Flood Safety

Red River Valley Cooperative Power Association reminds residents to be mindful of potential electrical hazards during spring flooding.

First, Red River Valley Co-op Power wants members to know crews will not shut off power to any member unless:
If your home or shop does flood, contact your electric utility so they can disconnect power from the transformer feeding your service if necessary. Stay away from any electrical equipment that could be energized and in contact with water. Do not attempt to disconnect your own power, or work on energized equipment once it has been flood damaged or exposed to flood waters. Do not attempt to operate breakers or switches that are wet or under water.

Likewise, if service to a home is not disconnected and the home does take in water, do not enter the home until power can be disconnected and water drained. In the event that severe flooding causes power outages due to downed poles, stay away from all downed power lines and promptly report them to your electrical utility.

Also, remember to always follow the manufacturer’s instructions for safely operating your generator. Since sump pumps are in or near water, it is good to have a ground fault interrupter outlet to connect the sump pump outlet to.

Here are some safety tips from Safe Electricity, a program of the Energy Education Council.

Safety tips for
standing water

  • Never step into a flooded basement or other room if water may be in contact with electrical outlets, appliances or cords. Be alert to any electrical equipment that could be energized and in contact with water.
  • Never attempt to turn off power at the breaker box if you must stand in water to do so. Call your electric utility as previously mentioned.
  • Never use electric appliances or touch electric wires, switches or fuses when you’re wet or standing in water.
  • Keep electric tools and equipment at least 10 feet away from wet surfaces. Do not use electric yard tools if it’s raining or the ground is wet.
  • If an appliance has been in contact with water, have a professional check it before using.
In the event of an outage, Red River Valley Co-op Power’s goal is to restore service to the greatest number of members possible in the shortest amount of time. Line crews begin at substations and work their way out to individual services. Dangerous situations, like downed power lines, are repaired as soon as possible. Working on outages this way is the most efficient and quickest way to restore power.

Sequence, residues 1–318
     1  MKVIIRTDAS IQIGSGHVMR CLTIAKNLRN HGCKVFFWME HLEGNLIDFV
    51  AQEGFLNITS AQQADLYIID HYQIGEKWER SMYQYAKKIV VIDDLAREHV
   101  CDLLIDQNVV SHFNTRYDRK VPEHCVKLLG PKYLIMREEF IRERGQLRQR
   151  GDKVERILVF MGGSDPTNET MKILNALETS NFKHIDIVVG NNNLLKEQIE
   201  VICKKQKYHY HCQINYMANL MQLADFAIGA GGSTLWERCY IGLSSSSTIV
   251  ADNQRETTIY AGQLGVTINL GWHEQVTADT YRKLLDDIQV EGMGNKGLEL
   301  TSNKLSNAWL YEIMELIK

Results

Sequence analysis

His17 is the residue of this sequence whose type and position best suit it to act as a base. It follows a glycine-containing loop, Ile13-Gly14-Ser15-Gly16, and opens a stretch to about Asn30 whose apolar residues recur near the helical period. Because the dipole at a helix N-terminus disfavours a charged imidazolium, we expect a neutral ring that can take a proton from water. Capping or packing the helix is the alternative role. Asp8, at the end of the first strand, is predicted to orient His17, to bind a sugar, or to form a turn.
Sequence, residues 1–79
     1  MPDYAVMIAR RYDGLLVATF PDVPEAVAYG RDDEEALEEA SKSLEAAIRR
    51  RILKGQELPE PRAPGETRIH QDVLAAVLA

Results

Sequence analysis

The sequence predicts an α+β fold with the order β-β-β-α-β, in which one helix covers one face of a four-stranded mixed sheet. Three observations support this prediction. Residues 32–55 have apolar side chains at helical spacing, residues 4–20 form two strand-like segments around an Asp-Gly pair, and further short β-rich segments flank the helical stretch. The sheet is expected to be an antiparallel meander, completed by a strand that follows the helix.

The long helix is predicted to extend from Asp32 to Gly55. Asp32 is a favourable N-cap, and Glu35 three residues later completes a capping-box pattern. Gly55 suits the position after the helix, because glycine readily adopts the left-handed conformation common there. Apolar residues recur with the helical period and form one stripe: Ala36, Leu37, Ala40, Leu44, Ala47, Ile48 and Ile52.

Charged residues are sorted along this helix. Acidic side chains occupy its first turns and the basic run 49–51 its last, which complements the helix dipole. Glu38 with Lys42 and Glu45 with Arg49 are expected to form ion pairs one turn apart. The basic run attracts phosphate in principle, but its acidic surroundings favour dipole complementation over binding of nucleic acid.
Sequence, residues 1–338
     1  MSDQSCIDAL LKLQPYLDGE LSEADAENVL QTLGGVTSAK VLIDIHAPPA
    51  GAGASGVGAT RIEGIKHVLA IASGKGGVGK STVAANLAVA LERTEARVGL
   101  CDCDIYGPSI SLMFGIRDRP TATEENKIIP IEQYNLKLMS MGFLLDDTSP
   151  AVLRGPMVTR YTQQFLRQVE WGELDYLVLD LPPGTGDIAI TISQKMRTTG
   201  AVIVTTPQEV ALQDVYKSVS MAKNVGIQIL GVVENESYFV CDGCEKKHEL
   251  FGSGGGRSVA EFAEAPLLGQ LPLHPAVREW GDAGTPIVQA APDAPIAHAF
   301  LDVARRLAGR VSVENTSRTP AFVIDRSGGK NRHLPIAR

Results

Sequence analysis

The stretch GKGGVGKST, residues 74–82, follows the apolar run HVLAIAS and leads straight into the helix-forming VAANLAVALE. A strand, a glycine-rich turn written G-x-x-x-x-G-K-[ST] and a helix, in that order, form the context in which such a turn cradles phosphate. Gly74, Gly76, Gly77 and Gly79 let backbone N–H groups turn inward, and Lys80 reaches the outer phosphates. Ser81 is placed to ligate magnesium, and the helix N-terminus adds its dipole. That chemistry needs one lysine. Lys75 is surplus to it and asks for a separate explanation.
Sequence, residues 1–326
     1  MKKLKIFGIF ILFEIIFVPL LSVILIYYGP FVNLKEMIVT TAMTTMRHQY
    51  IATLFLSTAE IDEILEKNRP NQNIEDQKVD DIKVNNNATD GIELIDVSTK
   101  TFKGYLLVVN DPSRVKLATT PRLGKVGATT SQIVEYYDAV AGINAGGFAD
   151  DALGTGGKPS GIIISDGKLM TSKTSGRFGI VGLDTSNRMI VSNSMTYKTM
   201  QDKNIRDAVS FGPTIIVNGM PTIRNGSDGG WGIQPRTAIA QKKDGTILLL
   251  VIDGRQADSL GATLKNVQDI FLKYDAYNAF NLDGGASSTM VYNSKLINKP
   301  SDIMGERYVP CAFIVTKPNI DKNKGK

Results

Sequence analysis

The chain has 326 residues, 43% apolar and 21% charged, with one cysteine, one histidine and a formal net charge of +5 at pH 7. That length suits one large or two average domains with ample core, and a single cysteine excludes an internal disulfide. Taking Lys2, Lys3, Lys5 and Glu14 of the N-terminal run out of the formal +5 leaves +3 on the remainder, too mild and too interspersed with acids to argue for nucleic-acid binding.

Standby and portable generators

Many residents use standby generators for extended outages and to operate sump pumps. Proper use of a standby or portable generator is a must! A standby generator installation must have an approved double-throw transfer switch for two reasons:
  • So it does not allow electricity from the generator to flow back into the power lines. Without this 120/240-volt electricity may feed back to your transformer where it would be stepped up to 7,200 volts. This would put crews and anyone who assumes the line is de-energized in danger.
  • It protects your generator from damage when power is restored.
  • Always follow manufacturer’s instructions and contact a licensed electrician.

Portable generators

  • Under no circumstances should portable generators be used indoors even with ventilation. The primary hazards are carbon monoxide, toxic fumes, electric shock or fire.
  • Always follow the directions supplied with the generator.
  • Plug appliances directly into generator or use a properly rated outdoor extension cord.
  • Never try powering the house by plugging the generator into a wall outlet; known as backfeeding. This is extremely dangerous and puts lives at risk.

Reconnecting service and inspection

If your home did flood and/or Red River Valley Co-op Power was called to disconnect power at the meter, you must provide us with an affidavit from your electrician and the electrical inspector must physically inspect the wiring for power to be turned back on. This ensures the home has been inspected for safety.
  • Also, all electric equipment including appliances, wiring and outlets that were submerged in water should not be used, and must be replaced per the National Electric Code. The high water mark from flooding is usually self-evident.
  • Any time you or an electrician does wiring or other electrical work at your home or farm, remember Minnesota law requires a state wiring inspector to conduct a proper inspection of the work. More information on inspection and wiring regulations can be found  here. To find a list of state electrical inspectors for this area, click on Inspections (811). To view the top ten things you need to know about flood-damaged electrical systems per Minnesota, visit dli.mn.gov.